CPTSyllabus09

CPTSyllabus09 - POL 4275/5275 Spring 2009 Blegen 130...

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POL 4275/5275 Professor Luxon Spring 2009 luxon@umn.edu Blegen 130 Office: 1350 SocSci OH: Wed, 1:00-3:00pm tel: (612) 625-7982 Contemporary Political Thought Violence, Sexuality, Money, and Race Course description Contemporary Political Thought: Violence, Sexuality, Money and Race analyzes political thought of the 20 th century (and primarily the post-WWII period). A century marked by the ethical and political challenges of the Holocaust, the 20 th century finds itself perenially troubled by the question of “what is to be done?” Despite the settlement of political institutions in Western democracies, political community finds itself faced with the extraordinary challenges of an everyday living-together. This course has two aims. First , our task will be to analyze three prominent models for politics offered by contemporary thinkers, who respectively conceive of a politics of liberties, a politics of discipline, and a politics of dialogue and recognition. Cognizant of the challenges and anxieties of the contemporary world, each of these models offers a different “way in” to theorizing democratic politics so as to highlight its hopes while underscoring its risks. Second , having analyzed these three models, this course will move to interrogate four issue areas that continue to define and beset contemporary politics: political and social violence; sexuality and gender; money and class; race and power. These themes and issues are not exclusive of one another — they intersect in one another in puzzling, intricate, and compelling ways. The final weeks of the course, as a result, will treat all four themes in their complexity. Foundations and world-making Taking the two World Wars, and especially the Holocaust, as a sobering point of reference, contemporary politics finds itself confronted with the challenge of “thinking without banisters.” That is, the 20 th century struggles to define and defend its political, ethical, and cultural ideals and principles in the absence of certain convictions offered by appeals to religion, custom, tradition, and nature. Without the certainty of these doctrines, contemporary thinkers must seek alternate grounds or “foundations” on which to defend and elaborate their conceptions of political engagement and ethical commitment. We will ask, in reference to what principles and which ideals might political and ethical action be articulated and defended? How stable a foundation do these principles provide — and at what costs and with which exclusions? Are stable foundations available to political community? And if not, if contemporary politics is defined by responsibility — both individual and collective — in the face of hard choices and uncertain outcomes, then what might serve as a guide or touchstone through these political moments? Politics as activity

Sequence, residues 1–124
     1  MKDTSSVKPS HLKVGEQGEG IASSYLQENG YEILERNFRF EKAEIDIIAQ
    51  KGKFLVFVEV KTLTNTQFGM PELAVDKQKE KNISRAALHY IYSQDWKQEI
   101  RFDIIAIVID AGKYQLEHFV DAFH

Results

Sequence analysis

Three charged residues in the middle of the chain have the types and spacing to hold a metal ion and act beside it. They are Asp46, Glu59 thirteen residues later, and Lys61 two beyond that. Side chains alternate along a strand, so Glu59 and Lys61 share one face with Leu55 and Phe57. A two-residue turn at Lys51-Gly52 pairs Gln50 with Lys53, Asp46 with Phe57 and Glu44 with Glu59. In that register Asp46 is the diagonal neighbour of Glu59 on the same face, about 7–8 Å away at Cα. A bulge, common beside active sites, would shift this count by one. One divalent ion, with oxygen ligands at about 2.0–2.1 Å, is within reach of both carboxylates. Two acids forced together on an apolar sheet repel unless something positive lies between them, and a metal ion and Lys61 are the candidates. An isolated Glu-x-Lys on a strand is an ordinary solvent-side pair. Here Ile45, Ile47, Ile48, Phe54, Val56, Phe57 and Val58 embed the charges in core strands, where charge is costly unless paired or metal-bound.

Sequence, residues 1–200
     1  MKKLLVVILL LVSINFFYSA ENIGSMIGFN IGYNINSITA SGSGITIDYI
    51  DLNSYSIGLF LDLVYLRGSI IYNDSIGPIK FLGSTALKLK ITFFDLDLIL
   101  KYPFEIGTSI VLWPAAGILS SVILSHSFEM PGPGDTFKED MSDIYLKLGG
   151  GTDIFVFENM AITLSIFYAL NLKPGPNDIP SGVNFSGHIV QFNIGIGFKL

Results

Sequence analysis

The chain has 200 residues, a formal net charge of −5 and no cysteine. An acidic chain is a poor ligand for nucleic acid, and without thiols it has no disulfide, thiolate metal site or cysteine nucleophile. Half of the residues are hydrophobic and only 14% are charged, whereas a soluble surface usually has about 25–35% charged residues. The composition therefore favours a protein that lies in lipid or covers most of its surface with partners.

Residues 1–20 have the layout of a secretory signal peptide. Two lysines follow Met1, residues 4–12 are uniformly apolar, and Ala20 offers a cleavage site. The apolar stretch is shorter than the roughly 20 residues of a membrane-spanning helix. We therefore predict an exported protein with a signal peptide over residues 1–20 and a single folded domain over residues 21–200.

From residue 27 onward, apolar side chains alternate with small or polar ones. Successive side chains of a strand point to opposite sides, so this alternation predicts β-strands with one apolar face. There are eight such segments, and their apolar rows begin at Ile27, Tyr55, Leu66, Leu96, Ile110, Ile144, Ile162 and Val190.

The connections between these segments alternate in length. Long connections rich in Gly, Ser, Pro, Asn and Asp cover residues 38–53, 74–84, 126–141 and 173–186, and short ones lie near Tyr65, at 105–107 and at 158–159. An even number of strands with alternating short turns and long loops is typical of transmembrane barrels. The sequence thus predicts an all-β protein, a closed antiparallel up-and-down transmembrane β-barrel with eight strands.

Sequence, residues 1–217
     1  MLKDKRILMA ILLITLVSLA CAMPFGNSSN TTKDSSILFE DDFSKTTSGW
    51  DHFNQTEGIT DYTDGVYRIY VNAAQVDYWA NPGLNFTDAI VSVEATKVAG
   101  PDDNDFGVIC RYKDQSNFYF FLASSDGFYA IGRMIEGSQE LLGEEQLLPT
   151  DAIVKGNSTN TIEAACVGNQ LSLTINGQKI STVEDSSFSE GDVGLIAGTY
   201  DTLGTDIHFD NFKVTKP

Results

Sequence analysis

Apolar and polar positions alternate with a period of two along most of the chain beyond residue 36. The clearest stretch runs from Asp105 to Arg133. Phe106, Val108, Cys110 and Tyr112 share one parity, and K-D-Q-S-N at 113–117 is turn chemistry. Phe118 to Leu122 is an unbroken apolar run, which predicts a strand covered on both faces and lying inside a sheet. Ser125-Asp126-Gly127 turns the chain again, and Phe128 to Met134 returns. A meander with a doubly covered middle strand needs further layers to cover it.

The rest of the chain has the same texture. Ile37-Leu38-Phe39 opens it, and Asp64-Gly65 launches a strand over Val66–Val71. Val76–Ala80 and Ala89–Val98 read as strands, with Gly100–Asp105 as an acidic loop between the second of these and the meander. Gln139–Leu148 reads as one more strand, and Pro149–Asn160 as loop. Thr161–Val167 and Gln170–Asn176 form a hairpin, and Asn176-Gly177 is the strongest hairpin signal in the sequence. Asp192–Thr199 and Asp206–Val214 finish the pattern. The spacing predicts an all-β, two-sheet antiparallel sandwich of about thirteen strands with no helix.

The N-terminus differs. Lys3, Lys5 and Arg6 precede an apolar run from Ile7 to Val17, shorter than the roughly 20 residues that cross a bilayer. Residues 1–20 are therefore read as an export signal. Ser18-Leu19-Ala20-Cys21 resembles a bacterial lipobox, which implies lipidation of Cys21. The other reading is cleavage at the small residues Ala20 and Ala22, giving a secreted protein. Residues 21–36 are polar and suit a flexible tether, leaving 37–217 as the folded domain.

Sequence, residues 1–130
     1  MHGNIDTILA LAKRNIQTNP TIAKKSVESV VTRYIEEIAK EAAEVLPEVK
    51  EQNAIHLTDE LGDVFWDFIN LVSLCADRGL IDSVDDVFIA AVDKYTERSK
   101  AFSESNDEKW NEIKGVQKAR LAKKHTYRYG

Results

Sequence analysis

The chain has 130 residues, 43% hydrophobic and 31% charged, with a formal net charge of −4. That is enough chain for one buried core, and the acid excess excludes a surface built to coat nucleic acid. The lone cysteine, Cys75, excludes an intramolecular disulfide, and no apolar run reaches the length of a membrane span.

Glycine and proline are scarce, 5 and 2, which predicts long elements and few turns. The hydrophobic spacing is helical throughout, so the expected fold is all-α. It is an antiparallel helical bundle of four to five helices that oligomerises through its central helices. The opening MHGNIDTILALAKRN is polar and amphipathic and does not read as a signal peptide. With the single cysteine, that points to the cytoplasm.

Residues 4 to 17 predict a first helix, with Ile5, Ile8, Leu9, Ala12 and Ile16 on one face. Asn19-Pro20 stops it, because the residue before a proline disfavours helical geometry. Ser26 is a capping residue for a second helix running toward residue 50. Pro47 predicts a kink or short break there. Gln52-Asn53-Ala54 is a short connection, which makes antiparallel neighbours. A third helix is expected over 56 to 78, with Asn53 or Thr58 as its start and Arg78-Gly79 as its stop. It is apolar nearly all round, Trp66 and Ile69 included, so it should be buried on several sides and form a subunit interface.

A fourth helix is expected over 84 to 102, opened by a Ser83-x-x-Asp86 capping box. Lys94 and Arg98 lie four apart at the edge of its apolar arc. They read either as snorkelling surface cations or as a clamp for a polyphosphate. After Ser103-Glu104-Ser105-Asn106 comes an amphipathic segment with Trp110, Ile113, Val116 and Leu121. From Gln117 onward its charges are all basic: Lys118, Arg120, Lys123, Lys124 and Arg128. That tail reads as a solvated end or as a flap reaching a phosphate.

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This note was uploaded on 10/16/2009 for the course POL 4275 taught by Professor Luxon during the Spring '09 term at Minnesota.

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CPTSyllabus09 - POL 4275/5275 Spring 2009 Blegen 130...

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